Marconi-Victor Morse Code Instruction Records
As radio communication became increasingly important during WW-I, the Marconi Institute collaborated with the Victor Talking Machine Company in 1918 to produce this set of 78 RPM records that could be used to train radio operators prior to their entry into military service. The original price of this set was $5.00, which was not a small sum in 1918.
The Marconi Institute was the training arm of the American Marconi Company, the premier commercial wireless communication service provider in the US at the time. In another two years, American Marconi would be absorbed into the RCA corporate structure, and the Marconi Institute would become the RCA Institutes. The Victor company would survive another decade as an independent entity, before also being absorbed by RCA in 1929.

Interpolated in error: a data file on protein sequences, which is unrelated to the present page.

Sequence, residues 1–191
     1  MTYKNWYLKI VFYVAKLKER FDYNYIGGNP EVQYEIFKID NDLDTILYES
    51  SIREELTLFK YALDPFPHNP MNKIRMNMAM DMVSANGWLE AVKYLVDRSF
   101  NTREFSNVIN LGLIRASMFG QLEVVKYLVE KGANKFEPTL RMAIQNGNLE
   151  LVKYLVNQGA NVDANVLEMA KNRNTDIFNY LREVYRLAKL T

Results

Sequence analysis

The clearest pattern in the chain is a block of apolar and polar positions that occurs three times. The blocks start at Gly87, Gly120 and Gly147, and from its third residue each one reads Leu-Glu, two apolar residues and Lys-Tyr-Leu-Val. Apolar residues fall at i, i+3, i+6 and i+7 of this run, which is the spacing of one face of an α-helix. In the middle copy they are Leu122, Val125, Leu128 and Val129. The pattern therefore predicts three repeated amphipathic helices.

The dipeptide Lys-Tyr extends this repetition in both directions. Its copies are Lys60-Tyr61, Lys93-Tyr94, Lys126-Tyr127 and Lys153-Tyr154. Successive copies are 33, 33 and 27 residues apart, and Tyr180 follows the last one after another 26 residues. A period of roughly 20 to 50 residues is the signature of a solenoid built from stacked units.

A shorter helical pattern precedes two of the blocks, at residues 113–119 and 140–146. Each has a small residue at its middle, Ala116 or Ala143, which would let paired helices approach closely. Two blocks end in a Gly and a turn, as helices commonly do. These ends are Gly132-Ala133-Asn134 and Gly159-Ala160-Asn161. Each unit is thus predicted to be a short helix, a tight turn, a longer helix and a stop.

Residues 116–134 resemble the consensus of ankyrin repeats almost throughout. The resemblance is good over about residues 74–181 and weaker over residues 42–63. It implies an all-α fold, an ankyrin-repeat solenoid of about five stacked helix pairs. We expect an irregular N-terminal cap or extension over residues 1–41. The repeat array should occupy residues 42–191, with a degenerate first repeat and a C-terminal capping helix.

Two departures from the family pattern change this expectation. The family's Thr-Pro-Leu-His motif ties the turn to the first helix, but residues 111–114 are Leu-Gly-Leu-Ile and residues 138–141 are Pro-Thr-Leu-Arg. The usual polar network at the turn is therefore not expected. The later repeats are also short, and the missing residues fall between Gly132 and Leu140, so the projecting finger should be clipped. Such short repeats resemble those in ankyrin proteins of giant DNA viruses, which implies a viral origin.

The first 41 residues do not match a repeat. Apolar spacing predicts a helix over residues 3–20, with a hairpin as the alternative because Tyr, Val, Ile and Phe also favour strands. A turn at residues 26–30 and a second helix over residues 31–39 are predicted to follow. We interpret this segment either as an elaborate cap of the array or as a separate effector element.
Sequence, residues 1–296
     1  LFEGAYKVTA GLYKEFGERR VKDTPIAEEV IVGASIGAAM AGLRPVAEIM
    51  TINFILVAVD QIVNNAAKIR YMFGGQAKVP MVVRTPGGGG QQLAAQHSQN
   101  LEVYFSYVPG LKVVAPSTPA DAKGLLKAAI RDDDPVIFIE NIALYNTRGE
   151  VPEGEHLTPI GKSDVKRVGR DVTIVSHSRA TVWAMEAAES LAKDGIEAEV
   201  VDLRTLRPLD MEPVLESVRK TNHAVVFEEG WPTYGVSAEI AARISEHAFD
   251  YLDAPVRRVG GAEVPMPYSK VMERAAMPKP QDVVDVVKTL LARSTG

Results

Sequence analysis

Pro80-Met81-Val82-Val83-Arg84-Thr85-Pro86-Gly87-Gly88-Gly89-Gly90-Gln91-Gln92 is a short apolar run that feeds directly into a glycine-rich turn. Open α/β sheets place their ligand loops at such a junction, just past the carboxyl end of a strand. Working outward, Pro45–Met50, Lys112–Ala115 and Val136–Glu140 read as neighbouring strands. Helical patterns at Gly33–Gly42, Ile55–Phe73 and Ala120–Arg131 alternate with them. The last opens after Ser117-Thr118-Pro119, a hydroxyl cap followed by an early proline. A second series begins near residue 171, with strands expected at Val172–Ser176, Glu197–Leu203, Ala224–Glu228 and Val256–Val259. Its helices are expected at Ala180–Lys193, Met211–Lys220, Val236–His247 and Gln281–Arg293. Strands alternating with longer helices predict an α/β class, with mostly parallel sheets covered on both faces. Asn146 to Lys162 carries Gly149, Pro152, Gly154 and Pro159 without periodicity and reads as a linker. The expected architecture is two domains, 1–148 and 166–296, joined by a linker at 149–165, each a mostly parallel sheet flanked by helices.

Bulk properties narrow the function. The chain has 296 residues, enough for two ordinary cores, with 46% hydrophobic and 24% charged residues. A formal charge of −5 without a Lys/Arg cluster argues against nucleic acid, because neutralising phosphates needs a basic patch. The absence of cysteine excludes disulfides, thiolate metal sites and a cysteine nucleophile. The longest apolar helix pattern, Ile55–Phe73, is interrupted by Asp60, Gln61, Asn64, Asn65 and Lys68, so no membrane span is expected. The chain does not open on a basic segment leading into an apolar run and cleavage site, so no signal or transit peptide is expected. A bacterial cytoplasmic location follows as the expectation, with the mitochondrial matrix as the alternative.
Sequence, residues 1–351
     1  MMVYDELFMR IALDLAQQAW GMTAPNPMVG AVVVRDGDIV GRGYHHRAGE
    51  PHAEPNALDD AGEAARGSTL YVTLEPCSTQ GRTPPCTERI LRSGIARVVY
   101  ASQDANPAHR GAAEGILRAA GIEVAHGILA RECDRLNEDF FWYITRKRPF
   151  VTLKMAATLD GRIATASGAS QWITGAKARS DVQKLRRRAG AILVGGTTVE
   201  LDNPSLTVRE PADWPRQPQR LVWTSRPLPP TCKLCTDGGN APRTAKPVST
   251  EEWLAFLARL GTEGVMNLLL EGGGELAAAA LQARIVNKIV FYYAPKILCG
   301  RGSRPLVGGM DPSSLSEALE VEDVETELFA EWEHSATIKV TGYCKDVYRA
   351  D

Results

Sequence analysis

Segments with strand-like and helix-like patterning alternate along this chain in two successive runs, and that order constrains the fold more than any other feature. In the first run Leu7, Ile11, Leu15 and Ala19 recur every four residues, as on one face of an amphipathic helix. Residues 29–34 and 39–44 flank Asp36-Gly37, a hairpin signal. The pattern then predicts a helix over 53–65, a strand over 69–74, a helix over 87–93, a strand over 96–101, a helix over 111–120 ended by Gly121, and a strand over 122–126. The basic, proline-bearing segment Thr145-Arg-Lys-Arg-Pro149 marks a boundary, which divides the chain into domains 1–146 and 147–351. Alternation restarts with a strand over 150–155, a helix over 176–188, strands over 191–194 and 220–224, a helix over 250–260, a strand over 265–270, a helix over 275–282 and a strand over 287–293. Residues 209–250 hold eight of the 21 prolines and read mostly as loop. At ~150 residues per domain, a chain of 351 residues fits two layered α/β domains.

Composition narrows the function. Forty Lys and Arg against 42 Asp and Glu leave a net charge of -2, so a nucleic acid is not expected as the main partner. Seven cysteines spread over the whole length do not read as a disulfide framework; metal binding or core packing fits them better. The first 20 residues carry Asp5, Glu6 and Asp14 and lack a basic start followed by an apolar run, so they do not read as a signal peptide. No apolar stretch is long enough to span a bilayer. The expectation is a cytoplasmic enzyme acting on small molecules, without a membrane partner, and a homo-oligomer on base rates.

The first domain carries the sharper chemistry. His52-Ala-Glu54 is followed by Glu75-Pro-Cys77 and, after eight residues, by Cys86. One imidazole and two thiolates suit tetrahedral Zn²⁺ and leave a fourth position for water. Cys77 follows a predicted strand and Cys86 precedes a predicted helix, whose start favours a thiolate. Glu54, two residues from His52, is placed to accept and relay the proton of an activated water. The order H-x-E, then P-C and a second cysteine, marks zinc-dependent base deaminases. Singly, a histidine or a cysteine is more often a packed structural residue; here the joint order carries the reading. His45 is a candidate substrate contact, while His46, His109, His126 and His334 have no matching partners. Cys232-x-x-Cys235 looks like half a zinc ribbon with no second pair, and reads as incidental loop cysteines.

The set consisted of six 10-inch double-sided records, for a total of 12 lessons. The numbering system for these records is unique (normal Victor records used a 5-digit catalog number). A booklet explained the purpose of each lesson, and provided a printed version of what was on the records. The lessons started with the alphabet and special signs, then proceeded to increasingly difficult text samples. In later lessons, interference in the form of static and a second transmitter were introduced. The records and booklet were housed in a storage case as is seen in the first picture. Unfortunately, the case is in very poor condition, and one of the records is missing.